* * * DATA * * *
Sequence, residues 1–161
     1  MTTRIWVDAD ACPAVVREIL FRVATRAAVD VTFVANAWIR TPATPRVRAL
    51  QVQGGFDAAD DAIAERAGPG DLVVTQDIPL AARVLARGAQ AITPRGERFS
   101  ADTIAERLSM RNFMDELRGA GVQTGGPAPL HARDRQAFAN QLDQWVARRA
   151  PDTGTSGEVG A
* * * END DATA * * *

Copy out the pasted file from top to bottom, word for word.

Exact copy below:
Sequence, residues 1–161
     1  MTTRIWVDAD ACPAVVREIL FRVATRAAVD VTFVANAWIR TPATPRVRAL
    51  QVQGGFDAAD DAIAERAGPG DLVVTQDIPL AARVLARGAQ AITPRGERFS
   101  ADTIAERLSM RNFMDELRGA GVQTGGPAPL HARDRQAFAN QLDQWVARRA
   151  PDTGTSGEVG A